4. By: Madureira , Ana Mafalda (CIRCLE, Lund University, and Blekinge Tekniska Högskola Sweden)
    Abstract: This paper discusses how physical planning works with place-making through urban design to support image creation in a municipality that aims to create a new image for its city. Two large-scale urban development projects in Sweden are analysed. The analysis focuses on official plans and documentation, and expert interviews. It distinguishes how place-making by physical planning happens through aestheticisation, the design of physical environments for specific groups of inhabitants, and by granting visual and symbolic coherence to an area aligned with the new image for the city. The construction of this image is kick-started by a flagship development, but requires that subsequent projects support complementing urban visions, so as to grant coherence to the perceptions of the new image. In the process, heterogeneity, variation and conflict are tamed and urbanity is framed for “creative classes”. The paper thus highlights potential dilemmas that place-making might create for the practice of physical planning in urban development, and contributes to the discussions on the transformation of public sector urban planning in contexts of urban entrepreneurialism..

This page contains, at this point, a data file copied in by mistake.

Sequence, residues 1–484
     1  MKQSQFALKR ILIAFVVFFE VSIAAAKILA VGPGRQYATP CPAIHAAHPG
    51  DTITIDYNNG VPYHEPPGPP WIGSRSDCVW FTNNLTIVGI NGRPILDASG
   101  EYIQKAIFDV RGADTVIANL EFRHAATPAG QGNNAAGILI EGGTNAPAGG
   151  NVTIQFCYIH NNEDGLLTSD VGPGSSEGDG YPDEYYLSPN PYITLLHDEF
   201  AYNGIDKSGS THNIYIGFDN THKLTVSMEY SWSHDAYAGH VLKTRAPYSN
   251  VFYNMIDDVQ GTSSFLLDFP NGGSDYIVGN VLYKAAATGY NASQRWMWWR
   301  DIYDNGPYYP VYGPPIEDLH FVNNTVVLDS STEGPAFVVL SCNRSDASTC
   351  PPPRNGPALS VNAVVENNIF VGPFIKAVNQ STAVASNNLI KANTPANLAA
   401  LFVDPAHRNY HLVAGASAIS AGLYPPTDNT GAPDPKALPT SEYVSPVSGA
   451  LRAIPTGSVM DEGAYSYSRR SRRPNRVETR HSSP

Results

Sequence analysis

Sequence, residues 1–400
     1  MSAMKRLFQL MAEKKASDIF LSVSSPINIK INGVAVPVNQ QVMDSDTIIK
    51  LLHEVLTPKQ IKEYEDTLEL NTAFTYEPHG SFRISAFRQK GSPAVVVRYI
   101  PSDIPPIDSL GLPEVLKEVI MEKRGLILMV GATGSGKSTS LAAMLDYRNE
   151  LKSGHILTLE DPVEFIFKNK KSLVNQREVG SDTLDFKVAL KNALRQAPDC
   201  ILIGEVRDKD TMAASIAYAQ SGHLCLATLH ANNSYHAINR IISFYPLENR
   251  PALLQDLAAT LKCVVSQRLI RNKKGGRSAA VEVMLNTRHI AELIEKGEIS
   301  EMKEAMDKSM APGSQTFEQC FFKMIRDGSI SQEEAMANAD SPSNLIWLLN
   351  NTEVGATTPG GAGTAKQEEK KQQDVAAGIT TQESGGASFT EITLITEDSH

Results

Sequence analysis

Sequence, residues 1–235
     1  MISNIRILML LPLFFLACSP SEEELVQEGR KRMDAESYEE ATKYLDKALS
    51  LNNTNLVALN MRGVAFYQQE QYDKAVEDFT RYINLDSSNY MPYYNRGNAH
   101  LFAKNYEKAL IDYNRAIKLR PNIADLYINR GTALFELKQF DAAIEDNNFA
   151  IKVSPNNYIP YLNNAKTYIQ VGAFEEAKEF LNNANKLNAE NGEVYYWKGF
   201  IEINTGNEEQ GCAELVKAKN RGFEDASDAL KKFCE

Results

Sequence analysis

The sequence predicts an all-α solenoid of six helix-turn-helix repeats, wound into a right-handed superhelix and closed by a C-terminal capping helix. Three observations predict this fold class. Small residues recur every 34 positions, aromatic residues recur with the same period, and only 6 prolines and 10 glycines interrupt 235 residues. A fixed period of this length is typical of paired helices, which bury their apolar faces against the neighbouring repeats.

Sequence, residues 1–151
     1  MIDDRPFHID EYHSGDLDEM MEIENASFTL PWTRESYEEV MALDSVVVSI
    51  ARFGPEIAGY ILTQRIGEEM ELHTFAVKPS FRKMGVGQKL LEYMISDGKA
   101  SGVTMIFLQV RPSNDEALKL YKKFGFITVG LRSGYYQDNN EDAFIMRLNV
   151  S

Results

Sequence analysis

Keywords: Physical planning; Place-making; Urban entrepreneurialism
    JEL: O21
    Date: 2013–12–18
  5. By: Wojciech Szewczyk; Juraj Stancik; Martin Aarøe Christensen (European Commission – JRC - IPTS)